Benny Rees’ sleek Celica

27th March 2017 — by Dave Cox



Benny Rees’ sleek Celica

27th March 2017 — by Dave Cox

“Sweet Mustang man…” a phrase Ben often hears when people approach his car.

You may guffaw but it is true, you can clearly see the American influences on this vehicle. The Japanese during this era were known for designing the vehicles using tracing paper and pictures of cars from all around the world. Just look at the “C” Pillars, the rear louvres and the vertical tail lights. All of which are styling cues taken from the Ford Mustang. It is no wonder that the RA28 Celica got the nickname “Japanese Mustang” and therefore you can forgive people’s mistakes.

Whatever it’s heritage, lineage or influences, I will remain eternally grateful that Toyota made this car. Walking up to it, you just can’t help but stop and smile. It’s proportions almost make it look cute, with no section of the car looking too big or small. Aesthetically it is very well balanced, you can’t really blame Benny for choosing this car.

After owning a few old cars and always being fascinated with Japanese car culture, I took a trip to Japan to see it all for myself firsthand. I went to a classic endurance race at Tsukuba Circuit and after that I knew I needed to have a slice of the action.”

“I scoured the internet for a Celica and finally found a recently restored example that was built by Racing Service H.D.O in Fukuyama. I had an inspection carried out and then it took 8 weeks at sea until it arrived in the UK.” 
You can check out the video of him picking it up here.

“Since having it road registered, I’ve updated the wheels and tyres from Watanabe Type A to Work Equip Spirit 11’s up front and Re-lipped Riverside R109 rears with Advan A048 semi slick tyres all round. It now sits on Driftworks Coilovers, breathes through open trumpets and a full custom stainless steel exhaust system, brand new suede headlining… there are lots of other period-correct 1970s modifications such as a layer of subtle glitter lacquer on the rear light panel and front headlight panel and a rear window louvre.”

“I have a half rear roll cage to go in and a Hippo racing bucket seat with TOM’S Harness flying over from Japan at the moment and a set of Riverside R101 to re-lip and go a tad wider in each corner than it currently sits. After that I just want to enjoy the car and use it as much as I can but just basically keep it alive and make sure I preserve it for many years to come as they are getting very thin on the ground now!”

“I get so many lovely comments, especially from people who either owned one back in the day, or know someone that used to own one, and have fond memories. I absolutely love looking at it, too. It’s normally tucked away in the garage or I’m driving it, but when I take it out and park it up I just love to sit and look at it!”

“I also love the fact it looks as though it has been plucked straight from 1970’s Japan with all my period correct modifications, and that’s the way I want it to stay.”

I for one really appreciate Benny’s last statement. Overfenders are becoming more and more common place, this is a refreshing example of how to keep things simple. I have nothing against different modification styles but if I was to choose, it would be the OEM+ route. I think the wheel and tyre combo is perfect, the ride height is ideal and the distinct lack of any over the top bolt on extras is very appealing.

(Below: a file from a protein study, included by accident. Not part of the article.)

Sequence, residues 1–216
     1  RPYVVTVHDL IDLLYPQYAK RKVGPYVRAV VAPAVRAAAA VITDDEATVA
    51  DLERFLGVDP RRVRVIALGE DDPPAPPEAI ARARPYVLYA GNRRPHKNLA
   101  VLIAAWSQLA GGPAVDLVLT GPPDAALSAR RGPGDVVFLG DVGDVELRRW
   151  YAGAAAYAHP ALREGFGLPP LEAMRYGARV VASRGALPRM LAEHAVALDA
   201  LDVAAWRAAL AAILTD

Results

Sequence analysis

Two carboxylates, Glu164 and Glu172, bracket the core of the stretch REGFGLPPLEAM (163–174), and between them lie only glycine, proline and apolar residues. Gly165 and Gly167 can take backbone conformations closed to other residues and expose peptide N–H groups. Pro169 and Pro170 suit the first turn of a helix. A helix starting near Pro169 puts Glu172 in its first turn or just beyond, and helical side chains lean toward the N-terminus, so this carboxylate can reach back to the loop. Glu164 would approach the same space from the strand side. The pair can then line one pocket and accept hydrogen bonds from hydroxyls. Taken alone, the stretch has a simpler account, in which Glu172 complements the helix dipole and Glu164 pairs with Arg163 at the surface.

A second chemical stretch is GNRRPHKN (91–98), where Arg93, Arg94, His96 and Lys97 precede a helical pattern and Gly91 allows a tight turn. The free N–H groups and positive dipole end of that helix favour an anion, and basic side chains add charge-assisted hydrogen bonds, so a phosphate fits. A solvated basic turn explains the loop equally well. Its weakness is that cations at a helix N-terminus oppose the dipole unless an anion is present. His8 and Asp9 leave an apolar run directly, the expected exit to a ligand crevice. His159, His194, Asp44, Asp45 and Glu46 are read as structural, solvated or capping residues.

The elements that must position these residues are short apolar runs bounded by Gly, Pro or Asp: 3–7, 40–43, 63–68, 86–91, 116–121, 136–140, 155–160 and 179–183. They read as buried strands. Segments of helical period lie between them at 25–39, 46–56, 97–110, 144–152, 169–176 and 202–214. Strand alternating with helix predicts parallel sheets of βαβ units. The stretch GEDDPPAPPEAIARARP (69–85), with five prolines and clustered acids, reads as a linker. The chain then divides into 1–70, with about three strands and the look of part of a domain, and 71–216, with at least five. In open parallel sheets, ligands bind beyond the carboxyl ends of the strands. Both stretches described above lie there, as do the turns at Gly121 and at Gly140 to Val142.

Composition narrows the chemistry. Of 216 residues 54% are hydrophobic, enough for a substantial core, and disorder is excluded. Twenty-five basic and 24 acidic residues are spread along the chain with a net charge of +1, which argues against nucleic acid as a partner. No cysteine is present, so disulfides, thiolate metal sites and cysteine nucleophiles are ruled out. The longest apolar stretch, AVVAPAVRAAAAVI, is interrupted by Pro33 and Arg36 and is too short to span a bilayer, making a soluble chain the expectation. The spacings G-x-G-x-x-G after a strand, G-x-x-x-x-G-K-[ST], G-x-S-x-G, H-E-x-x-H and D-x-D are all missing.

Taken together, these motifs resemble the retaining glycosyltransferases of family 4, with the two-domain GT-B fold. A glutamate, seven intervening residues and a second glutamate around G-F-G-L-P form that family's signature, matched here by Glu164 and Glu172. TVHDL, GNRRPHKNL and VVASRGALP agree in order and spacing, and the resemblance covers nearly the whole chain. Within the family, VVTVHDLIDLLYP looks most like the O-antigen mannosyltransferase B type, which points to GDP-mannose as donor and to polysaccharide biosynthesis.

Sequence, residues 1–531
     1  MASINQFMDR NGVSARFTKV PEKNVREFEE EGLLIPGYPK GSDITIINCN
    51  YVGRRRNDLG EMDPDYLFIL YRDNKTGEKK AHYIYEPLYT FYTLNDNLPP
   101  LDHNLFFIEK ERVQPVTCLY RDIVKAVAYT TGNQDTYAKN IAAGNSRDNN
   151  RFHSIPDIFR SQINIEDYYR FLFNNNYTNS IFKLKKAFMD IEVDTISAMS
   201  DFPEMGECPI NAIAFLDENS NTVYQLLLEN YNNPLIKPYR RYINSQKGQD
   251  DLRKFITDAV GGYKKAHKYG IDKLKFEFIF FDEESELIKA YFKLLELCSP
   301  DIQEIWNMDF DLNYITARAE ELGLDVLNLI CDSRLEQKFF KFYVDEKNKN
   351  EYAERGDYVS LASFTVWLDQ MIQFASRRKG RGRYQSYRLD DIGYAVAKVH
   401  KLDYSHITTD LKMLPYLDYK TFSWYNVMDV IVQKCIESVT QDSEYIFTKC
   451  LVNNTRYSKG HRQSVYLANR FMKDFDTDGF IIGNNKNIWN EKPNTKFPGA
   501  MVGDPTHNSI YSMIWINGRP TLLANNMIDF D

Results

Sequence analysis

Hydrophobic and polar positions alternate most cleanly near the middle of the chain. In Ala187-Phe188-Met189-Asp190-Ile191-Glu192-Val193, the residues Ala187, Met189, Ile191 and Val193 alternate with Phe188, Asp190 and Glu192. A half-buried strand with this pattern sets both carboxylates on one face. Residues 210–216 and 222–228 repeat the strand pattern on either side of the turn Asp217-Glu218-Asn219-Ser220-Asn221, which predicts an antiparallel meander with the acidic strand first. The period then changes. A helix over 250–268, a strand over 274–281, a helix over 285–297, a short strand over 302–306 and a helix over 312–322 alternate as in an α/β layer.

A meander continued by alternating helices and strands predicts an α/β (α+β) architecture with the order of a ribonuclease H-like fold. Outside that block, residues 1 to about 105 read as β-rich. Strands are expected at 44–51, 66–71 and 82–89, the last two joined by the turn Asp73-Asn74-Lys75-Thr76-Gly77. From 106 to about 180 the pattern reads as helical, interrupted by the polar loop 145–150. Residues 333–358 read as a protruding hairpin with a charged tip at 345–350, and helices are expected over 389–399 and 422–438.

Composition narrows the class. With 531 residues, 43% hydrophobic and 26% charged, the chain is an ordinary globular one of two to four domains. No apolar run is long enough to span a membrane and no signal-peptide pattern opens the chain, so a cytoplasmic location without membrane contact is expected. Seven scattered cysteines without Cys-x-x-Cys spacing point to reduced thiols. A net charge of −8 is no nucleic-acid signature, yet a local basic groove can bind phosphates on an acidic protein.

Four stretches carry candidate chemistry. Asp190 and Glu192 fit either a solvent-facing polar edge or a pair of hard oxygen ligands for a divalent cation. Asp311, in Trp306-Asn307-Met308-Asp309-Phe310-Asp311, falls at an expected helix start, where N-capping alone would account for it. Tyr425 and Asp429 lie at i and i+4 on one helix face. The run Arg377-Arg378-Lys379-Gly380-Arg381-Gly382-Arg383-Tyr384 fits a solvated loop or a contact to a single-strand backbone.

I can attribute some of this hyperbol to the fact that I have never knowingly been this close to a Celica 2000GT, so my excitement might have got the better of me. However, even a week after shooting this car, it still makes me smile.

The exterior of the car screamed ’70s but the interior, although looking a little dated was pretty impressive. Boasting air conditioning and electric windows, there is an impressive amount of mod-cons on a car of this age.

Benny has also spent some time putting his own stamp on things, like the addition of a Nardi steering wheel, flowery gear stick and Japanese characters. That Japanese character is called “Daruma” it is the nick name of the car. What you are supposed to do is colour in one eye, then write your life goals on the back of it. Once you have achieved your goals, you colour in the other eye. It is supposed to keep you focused on what you want to achieve in life. I think it is a nice touch.

Some of these details spread to the outside, the subtle red vinyl that has been placed on the front splitter adds a nice little touch breaking up the solid cream exterior.

Another refreshing fact is that this car still runs it’s original 2.0litre twin-cam engine making around 130bhp. Not huge figure but following him down the road, it has some poke. Sounds pretty good through the custom exhaust too.

Ultimately, Ben just wants to keep and enjoy this car for the foreseeable future and who wouldn’t. When something looks as good as this, it is worth cherishing.

Words & Pictures: Dave Cox (Shooting Dave)

Spec List

1976 Toyota Celica GT2000 Liftback JDM Import
Chassis code RA28 2.0 8v TwinCam Engine
Open Trumpets/Velocity Stacks
Driftworks Coilovers
Work Equip Spirit 11 Front wheels
Riverside R109 with Pine Engineering Lips Rear
RAYS Engineering Wheel nuts
Yokohama Advan A048 Tyres
Halogen Headlight Conversion
Rear Window Louvre
Front and Rear Spoilers
Glitter Lacquered headlight and rear light panels
Refurbished Badges
Stainless Steel Custom Exhaust System
Nardi Wooden Steering Wheel
Suichuuka Gearknob
Carmate convex rear view mirror


Dave Cox